These trends manifest themselves differently in the three archetypal countries, which are described in more detail in the following sections.

1. Germany: faster uptake of solar and wind limit the role of gas as a transitory fuel

RES penetration levels are preponed by ~10 years, which reduces total cumulative gas generation until 2050 by over 50 percent and total cumulative CO2e emissions by ~15 percent. The emissions target for the power sector in 2030 is met.

In Germany, RES penetration levels are accelerated by ~10 years in the auctions scenario: solar reaches similar generation levels to the reference case 8 years earlier i.e., ~150 TWh in 2030 instead of 2038, while wind onshore generation is 12 years ahead of the reference case i.e., ~200 TWh in 2030 instead of 2042 (see exhibit 2).

This acceleration is driven by wind and solar LCOEs becoming cost-competitive against existing coal and gas generation (LCOEs vs SRMC) ~8 years earlier (2020 vs 2028) than in the reference case (see exhibit 3). The uptake of RES is then limited by the system's capacity to absorb new additions.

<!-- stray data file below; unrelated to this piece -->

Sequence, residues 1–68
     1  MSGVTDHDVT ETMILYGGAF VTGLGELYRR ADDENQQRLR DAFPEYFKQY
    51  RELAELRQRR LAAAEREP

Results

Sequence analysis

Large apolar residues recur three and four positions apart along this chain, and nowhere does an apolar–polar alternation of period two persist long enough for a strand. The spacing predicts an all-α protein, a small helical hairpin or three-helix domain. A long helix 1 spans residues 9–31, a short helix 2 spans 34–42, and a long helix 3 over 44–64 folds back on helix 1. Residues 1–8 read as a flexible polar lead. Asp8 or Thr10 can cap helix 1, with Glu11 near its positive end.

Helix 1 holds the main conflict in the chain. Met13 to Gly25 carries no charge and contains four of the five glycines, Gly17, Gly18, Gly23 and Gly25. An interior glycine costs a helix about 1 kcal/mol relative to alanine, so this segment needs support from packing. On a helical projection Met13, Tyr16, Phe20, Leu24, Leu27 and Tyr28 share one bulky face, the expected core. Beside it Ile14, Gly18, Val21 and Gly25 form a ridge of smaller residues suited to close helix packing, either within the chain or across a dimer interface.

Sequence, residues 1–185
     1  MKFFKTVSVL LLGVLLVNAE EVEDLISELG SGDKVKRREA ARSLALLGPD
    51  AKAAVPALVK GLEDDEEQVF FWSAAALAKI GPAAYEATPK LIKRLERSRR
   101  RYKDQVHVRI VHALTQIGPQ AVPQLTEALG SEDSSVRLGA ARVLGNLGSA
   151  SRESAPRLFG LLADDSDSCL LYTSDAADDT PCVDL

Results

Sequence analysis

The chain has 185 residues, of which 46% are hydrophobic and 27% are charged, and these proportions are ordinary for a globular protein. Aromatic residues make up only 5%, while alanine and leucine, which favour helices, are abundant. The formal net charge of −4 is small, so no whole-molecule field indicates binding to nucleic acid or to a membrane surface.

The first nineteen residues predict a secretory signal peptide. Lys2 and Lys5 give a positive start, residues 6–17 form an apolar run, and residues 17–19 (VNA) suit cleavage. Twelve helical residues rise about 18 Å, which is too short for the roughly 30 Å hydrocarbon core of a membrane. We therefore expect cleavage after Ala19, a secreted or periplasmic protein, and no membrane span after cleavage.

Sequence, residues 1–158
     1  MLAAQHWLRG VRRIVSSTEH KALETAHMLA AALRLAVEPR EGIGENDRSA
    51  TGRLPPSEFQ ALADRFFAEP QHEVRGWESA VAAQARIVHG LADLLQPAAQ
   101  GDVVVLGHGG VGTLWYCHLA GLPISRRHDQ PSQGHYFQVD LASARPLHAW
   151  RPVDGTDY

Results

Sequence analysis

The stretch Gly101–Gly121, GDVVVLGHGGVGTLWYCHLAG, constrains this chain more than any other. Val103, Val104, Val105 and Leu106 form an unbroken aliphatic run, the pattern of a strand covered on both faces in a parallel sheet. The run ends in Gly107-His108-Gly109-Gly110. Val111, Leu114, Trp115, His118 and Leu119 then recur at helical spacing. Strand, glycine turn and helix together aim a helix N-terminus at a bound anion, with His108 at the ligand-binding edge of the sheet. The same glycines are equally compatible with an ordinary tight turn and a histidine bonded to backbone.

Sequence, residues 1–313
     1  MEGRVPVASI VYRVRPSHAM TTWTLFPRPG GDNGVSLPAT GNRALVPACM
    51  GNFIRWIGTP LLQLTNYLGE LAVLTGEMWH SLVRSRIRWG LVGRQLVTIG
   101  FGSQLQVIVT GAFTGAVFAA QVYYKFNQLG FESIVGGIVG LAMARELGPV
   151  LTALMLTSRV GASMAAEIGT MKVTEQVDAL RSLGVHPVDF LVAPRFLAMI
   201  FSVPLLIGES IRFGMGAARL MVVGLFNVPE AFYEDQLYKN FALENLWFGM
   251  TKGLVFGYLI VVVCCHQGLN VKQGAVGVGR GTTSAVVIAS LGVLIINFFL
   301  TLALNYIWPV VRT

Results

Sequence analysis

The accelerated uptake of RES in Germany only slightly impacts coal generation, while significantly reducing the role of gas as a transitory fuel: total coal generation is ~10 percent (280 TWh) lower until 2050 in the auctions scenario, while total gas generation is over 50 percent lower (~2,010 TWh) and stagnates at around 50 TWh/yr over the entire period (see exhibit 4).

The reference case assumes carbon prices within the EU ETS to rise to above 30 2015$/ton CO2e until 2040, which leads to a steady replacement of coal by gas. In the auctions scenario, RES are sufficiently cost-competitive in the 2020s (see exhibit 3) to replace coal generation directly: gas as a transitory fuel is leapfrogged.